My list of things to-do will wait for me. Unanswered Emails will stand by in their inbox. Messages from doctor’s offices on my voicemail will wait. My cat, and my father’s cat, will still nap on the foot of my bed in their perfect harmony. The lizards and Quail will still stop to look in at us through the sliding glass door. The laundry will still patiently wait to be washed. My car will still be there when I feel up to driving it. And the sun will surely rise again tomorrow.
 
Nonetheless, somehow, without my permission, life is passing by too quickly for me. Like learning how to play double-dutch jump rope for the very first time, I am unable to skillfully jump in and join my friends. And my friends, bless their hearts, they continue to play outside without me – and I get that – it happens. But today I opened my eyes and something had shifted like Andrea’s Fault deep below my surface. Today I do not have the energy to be “happy for them“. Today I had a realization of the soul that I have officially missed the last flight to freedom as I struggle to withstand the force of the exhaust that successfully pushed me to the ground on the filthy burning hot runway in the desert.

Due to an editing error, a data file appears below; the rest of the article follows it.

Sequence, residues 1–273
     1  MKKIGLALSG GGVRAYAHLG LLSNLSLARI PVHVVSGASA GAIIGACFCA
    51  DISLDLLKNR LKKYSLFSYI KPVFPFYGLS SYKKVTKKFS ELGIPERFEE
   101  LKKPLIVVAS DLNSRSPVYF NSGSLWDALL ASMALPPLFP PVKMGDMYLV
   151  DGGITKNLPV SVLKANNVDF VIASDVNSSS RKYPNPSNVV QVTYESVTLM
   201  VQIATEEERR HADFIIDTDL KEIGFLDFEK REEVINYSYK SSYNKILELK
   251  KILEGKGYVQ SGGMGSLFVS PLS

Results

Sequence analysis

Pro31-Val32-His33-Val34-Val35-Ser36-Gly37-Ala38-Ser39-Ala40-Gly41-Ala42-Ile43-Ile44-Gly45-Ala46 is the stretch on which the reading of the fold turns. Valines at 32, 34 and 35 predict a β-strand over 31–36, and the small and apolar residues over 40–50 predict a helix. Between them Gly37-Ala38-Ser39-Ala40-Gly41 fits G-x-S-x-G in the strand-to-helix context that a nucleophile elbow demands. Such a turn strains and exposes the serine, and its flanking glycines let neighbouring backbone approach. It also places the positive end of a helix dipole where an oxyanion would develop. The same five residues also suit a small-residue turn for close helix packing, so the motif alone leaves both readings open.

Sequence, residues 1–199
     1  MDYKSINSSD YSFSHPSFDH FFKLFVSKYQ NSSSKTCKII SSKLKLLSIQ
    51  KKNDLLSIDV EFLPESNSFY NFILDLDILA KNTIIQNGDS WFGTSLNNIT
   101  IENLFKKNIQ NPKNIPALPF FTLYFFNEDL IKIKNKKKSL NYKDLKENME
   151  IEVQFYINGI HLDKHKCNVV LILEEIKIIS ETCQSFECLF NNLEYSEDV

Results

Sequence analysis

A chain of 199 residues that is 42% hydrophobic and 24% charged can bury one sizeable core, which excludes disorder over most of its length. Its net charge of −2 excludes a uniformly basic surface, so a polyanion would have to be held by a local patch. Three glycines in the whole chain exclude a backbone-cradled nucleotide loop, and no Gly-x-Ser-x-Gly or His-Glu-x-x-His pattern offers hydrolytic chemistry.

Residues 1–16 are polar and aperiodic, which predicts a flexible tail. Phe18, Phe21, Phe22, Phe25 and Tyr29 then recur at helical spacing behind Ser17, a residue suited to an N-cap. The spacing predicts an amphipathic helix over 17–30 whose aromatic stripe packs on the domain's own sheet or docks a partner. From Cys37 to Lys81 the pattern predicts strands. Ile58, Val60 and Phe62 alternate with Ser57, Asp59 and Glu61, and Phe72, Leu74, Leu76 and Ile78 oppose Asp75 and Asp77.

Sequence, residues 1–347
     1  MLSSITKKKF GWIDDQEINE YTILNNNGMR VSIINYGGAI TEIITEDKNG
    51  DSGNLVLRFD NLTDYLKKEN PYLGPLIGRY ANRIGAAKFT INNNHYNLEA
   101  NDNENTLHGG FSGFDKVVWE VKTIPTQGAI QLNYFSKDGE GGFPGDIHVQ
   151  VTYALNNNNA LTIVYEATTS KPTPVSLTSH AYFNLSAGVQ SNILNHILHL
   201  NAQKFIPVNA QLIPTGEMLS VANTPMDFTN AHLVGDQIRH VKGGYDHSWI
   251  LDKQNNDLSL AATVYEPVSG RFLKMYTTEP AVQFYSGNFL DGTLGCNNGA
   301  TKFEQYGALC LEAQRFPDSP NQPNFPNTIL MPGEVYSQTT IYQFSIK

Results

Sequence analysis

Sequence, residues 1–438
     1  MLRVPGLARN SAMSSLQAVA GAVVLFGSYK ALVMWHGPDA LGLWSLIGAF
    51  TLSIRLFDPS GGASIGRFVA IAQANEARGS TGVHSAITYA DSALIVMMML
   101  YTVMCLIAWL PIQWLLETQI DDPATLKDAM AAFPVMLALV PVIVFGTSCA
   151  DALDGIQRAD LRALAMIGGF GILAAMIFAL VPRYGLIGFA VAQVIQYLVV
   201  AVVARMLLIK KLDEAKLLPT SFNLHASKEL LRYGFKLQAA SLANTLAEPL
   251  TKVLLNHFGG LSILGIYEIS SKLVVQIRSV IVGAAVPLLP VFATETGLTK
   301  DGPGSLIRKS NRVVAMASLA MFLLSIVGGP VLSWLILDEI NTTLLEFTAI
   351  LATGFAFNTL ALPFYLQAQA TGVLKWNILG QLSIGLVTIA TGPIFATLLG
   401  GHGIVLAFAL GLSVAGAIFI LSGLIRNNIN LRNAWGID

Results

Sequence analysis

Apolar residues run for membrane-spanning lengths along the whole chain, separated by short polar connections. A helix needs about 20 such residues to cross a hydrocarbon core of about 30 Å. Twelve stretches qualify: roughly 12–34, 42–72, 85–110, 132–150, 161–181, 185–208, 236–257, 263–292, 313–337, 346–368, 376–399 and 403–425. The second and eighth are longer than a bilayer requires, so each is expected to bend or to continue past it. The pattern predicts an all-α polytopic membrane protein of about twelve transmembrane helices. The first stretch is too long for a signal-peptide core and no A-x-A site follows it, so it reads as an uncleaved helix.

I have a grueling fantasy that maybe, just maybe, they are missing out on what I still possibly may have to offer. They are missing out on the beauty of my humble back yard. They are missing out on the nature that unfolds before my eyes as fall begins to get closer to winter in the desert.